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The Choice Before Us

Religion has been around for a long time.  The traditional answer is that humans evolved religion as a means of coping with the death of loved ones, which is true, as religion preys strongly on the personal crisis in helping cope with the deaths of loved ones by promising that they will see their loved ones again. Another reason often put forward is for a means of explaining the world around us as being created by an all-powerful deity, because it was only until quite recently that we have had any real clue as to the nature of the forces at work around us that have crafted our environment and state of existence. As humans discovered agriculture and started to settled down, populations tended to grow far beyond the small hunter-gatherer groups. Human societies started to independently evolve religious ideas as a means of controlling the behaviour of members of society of how people should behave which were  said to be laid down by an all-knowing and powerful deity, the creator, rules such as thou shall not kill, steal, and one man one wife, and of course to pay homage to the creator/s and follow the teachings and instructions of the deities prophets and priests, that were to be repeatedly recited and ingrained in all members of society.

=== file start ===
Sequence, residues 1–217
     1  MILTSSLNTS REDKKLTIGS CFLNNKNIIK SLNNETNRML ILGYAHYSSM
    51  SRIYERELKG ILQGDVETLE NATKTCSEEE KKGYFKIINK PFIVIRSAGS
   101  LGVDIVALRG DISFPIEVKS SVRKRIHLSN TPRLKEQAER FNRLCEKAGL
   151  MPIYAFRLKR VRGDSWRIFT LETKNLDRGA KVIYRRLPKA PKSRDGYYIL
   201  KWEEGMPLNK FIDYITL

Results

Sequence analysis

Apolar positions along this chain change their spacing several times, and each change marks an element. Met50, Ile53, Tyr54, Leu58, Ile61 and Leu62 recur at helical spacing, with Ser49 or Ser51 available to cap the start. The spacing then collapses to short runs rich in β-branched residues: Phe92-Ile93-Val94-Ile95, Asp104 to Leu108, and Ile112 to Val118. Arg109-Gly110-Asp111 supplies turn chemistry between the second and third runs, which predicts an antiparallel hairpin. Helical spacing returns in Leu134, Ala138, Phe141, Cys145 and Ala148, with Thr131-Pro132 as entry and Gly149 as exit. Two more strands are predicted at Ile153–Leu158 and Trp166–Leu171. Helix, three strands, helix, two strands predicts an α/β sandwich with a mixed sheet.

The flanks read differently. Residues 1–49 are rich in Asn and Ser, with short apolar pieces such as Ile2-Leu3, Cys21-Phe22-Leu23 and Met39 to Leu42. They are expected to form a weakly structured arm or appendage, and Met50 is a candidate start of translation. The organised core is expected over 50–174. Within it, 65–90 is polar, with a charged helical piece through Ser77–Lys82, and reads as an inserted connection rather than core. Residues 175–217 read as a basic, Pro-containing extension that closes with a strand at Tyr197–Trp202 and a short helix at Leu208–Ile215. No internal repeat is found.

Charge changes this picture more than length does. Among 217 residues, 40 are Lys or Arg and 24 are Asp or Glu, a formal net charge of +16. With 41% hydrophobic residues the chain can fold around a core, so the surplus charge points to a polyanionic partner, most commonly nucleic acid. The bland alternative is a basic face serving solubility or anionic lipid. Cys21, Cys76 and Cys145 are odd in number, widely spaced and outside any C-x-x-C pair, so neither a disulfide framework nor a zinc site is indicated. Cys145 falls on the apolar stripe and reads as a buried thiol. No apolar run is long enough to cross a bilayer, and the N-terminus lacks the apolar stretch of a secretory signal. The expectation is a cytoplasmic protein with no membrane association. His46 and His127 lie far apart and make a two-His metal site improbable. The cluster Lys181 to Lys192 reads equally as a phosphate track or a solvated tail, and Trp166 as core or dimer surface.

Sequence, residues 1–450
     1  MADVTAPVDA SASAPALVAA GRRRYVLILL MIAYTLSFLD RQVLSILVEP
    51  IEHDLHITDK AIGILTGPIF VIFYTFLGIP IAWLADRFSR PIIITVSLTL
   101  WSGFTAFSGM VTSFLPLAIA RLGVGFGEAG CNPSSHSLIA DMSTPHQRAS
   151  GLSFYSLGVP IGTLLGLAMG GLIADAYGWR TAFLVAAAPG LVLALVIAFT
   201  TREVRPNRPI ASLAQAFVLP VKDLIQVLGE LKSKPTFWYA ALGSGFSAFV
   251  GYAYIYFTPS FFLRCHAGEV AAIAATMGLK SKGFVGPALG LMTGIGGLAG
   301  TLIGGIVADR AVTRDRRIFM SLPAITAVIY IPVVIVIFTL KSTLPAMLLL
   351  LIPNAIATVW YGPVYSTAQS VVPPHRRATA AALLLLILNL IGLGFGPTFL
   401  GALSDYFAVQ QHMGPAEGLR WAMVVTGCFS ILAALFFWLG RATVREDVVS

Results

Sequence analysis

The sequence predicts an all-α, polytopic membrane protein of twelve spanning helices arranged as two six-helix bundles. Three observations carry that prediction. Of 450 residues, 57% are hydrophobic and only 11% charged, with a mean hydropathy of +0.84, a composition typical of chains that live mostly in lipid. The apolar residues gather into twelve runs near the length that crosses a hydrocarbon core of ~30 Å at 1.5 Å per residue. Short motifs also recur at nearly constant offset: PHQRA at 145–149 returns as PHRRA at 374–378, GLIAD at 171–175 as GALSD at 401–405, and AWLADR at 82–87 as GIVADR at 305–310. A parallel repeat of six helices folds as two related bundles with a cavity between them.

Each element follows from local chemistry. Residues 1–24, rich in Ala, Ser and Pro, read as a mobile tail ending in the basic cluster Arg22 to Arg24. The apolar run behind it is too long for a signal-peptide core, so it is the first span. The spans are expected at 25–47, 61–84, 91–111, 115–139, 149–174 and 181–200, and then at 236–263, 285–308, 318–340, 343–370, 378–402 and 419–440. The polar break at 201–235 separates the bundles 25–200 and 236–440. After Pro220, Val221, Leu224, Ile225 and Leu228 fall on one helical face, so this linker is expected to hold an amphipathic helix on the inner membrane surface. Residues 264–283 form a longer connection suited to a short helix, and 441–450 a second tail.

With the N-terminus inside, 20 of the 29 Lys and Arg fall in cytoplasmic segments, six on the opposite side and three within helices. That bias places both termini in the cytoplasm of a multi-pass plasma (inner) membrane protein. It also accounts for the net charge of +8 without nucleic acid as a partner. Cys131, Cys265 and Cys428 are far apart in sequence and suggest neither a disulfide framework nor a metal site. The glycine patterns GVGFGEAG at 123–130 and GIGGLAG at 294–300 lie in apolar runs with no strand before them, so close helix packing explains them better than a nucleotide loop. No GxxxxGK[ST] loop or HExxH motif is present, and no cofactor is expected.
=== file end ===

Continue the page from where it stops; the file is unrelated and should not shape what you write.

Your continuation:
All religion's seek to exert total control over every member of society as it was/is believed that all events that happen are as a consequence of the pleasure or displeasure of the Gods such as natural disasters in which respect societies even went so far as to sacrifice fellow humans to please their gods, and sacrifice remains at the fundamental core of all religions i.e. that humans sacrifice independent free will in this life for freedom in the next life, and to a achieve entry into the afterlife humans need to obey the will of the Gods as set down by those that purport to represent the deities such as kings and queens and priests under the fear of what would happen to them if they did now obey the will of the Gods as their representatives on earth. Complete religious control even up to the point of self-sacrifice (martyrdom). Over time this control of the masses has continued to develop and intensify the hold on the general population's actions, making it far easier for the elite to control every aspect of life.